Some days I find it hard to simply get out of bed and get dressed. These waves of fatigue wash over me, often for no particular reason. Eventually I allow my mind to "go there" to that place when all of life changed in an instant. Try as I might, I can never erase that moment in time. Why? Because that was the moment part of my heart left me. I felt it. I felt what it was like to have part of myself die and from that point forward I just struggle.
I did a little research and discovered that doctors now recognize grief as "real" -- the overwhelming fatigue is part of a daily tug-of-war we have. Part of us has died. It's impossible to explain to others, only those who have shared the same experiences can understand. We can sympathize with others, but until we have experienced what they have we can never really know what they are going through. I remember around 8 years ago I knew a young woman who had a miscarriage. My heart broke for her and I was sad, but I had no idea what she was going through, now I do. In fact I know that pain 3 times over. Up until this past December when I would hear of someone's mother passing away, I was sad and heartbroken for them, but now I know what it was truly like for them. I am there, I understand, I can sympathize with them. All that being said this post is not about knowing how others feel or "walking a mile in their shoes", it is simply about what grief has done to me.
Grief has turned me into a new person, a woman that I no longer recognize in the mirror.
I have been changed physically.
I can see those new little wrinkles that have appeared on my face. I can see the lost, forlorn look in my eyes. I can see that somewhere there is still that optimistic, wide eyed little girl I used to be, but I can't seem to bring her back. Don't get me wrong there are times when she there. It may be laughing with the kids, creating something new with my youngest, date night with my hubby or just talking with my oldest. In those times I can forget the hurt, sorrow and heartache I feel. The only problem is those times do not last. Eventually the old me is gone, and the new one reappears.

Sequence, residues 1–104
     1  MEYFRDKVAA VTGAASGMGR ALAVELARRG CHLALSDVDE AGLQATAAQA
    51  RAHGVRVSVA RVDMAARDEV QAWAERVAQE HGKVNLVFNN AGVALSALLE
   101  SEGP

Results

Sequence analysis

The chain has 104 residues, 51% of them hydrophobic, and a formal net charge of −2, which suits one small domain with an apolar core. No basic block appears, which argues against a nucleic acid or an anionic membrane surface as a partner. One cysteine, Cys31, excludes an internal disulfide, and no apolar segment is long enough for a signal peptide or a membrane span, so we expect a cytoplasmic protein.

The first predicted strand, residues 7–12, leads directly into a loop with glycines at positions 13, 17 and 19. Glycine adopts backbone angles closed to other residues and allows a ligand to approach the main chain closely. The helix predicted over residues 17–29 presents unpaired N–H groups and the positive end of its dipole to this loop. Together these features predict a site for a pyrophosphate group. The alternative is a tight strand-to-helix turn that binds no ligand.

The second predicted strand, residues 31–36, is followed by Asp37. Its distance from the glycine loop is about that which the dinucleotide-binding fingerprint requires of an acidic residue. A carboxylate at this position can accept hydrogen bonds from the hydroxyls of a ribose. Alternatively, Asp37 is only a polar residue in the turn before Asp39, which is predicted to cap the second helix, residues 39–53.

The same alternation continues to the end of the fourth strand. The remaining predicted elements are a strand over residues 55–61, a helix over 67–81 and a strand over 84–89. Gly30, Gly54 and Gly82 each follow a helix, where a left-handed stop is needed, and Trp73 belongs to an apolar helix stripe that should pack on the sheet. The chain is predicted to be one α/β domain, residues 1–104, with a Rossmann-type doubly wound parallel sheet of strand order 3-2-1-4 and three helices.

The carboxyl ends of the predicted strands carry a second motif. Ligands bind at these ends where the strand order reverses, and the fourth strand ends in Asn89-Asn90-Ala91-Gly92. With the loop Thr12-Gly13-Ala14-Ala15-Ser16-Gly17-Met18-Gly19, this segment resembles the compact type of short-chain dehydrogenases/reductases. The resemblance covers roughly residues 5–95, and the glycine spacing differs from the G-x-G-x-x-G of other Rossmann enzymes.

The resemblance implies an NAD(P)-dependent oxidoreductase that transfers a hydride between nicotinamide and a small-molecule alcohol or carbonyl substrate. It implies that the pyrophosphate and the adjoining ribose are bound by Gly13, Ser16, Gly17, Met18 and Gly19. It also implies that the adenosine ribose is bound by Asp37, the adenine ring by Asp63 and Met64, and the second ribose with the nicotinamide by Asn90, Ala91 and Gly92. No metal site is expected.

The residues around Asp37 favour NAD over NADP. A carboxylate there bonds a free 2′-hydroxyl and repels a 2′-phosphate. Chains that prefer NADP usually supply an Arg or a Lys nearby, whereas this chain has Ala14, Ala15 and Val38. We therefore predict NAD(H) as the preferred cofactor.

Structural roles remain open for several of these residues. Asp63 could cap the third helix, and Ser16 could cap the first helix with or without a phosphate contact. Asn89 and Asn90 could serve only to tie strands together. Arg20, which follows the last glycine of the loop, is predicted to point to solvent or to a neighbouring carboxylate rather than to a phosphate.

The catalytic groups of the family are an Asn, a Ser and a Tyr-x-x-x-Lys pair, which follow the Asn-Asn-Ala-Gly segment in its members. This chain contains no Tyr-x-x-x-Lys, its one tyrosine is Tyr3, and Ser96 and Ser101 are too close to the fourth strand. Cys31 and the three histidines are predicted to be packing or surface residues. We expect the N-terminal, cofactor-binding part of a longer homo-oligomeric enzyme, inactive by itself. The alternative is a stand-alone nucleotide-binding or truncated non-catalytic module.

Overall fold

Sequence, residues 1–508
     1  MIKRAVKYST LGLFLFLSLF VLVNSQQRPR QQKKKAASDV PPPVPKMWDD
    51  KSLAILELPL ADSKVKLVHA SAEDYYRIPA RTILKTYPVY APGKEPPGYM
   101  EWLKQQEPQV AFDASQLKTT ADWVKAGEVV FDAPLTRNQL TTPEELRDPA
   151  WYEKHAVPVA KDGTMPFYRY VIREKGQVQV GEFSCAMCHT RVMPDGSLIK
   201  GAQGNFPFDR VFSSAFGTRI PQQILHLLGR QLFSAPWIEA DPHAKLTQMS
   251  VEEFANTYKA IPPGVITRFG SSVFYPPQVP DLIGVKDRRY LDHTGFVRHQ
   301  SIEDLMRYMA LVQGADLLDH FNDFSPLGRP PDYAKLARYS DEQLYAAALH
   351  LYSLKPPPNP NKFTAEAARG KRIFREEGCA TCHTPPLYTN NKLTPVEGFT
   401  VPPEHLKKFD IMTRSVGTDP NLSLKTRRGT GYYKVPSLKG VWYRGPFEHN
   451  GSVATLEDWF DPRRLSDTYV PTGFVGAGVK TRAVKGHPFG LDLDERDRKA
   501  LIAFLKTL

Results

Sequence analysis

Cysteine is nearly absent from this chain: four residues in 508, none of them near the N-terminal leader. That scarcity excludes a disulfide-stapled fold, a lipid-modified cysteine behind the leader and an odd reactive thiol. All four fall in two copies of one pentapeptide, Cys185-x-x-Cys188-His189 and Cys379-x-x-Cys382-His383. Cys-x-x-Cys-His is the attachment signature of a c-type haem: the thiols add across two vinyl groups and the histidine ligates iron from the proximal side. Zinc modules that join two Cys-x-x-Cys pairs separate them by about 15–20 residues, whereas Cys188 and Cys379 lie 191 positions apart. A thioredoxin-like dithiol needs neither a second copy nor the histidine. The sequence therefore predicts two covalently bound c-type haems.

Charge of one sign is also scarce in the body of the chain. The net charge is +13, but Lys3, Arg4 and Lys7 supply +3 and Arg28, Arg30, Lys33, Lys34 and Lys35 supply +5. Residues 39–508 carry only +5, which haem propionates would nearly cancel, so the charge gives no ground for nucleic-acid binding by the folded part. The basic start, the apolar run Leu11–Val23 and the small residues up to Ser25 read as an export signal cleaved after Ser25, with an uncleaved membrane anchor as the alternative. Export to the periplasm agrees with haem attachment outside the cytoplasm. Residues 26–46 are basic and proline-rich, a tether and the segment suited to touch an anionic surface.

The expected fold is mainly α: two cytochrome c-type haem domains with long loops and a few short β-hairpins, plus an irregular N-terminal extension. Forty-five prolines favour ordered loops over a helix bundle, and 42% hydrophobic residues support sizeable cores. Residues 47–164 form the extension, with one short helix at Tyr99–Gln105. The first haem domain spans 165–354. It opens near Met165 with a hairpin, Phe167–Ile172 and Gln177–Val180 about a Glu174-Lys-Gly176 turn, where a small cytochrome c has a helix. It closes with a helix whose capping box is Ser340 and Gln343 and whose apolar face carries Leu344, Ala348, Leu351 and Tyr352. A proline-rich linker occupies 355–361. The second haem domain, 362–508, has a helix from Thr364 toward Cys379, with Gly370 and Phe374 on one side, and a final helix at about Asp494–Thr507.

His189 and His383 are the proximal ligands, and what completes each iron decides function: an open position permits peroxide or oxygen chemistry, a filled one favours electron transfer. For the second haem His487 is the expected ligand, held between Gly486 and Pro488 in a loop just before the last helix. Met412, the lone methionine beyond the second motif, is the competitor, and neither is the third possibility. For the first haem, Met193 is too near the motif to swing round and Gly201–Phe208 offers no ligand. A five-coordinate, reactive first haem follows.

My thought processes are not the same. It takes me longer to get my thoughts together and at times I lose complete train of thought and disappear into my memories. I have more trouble concentrating on getting through the day. To say that I sometimes suffer from complete brain shutdown would be a true statement. I often find myself staring off into space, not day dreaming, just shutdown from it all.
Ways to overcome these changes:
There are a couple of things I have discovered to help with my mental changes. The first is that the routine, mundane things of daily life can help. You don't need a lot of brain power while folding laundry or washing dishes, so I tend to let it rest during those times. I relish in the simple little things that the day holds. It is then I can allow my brain the time it needs to continue healing. I have also found that creativity helps my brain to rest. I am sure that sounds funny, but instead of being shutdown to everything, it is just shut down to the world around me and I am able to focus all my thinking on the task at hand. I may be blogging, brainstorming for my novel that I want to write, or even helping the kids with projects. My youngest daughter loves to create worlds for her dolls, so I spend a lot of time helping her with her creative plans.
The only things I have found to counter effect the physical changes are: exercise,plenty of rest, and good nutrition, all of which we should be doing for ourselves anyway. Also, a little facial pampering will not hurt. I don't really know if any of that stuff makes a difference in the long run, but I do know that if it makes you feel good to pamper your skin, then do it.
Ultimately the only things we can really do during our grief journey is look after ourselves. We know how much our body can take and when we have met our limits. I will benefit us all to step back from our daily lives, if only for a few minutes and take that break. If for you that means doing yoga, reading in quiet or even hiding in the closet eating chocolate (yes I have done that), then do it. After all we can only take care of our families by first taking care of ourselves.
"That's my 'two-cents worth', what's yours?"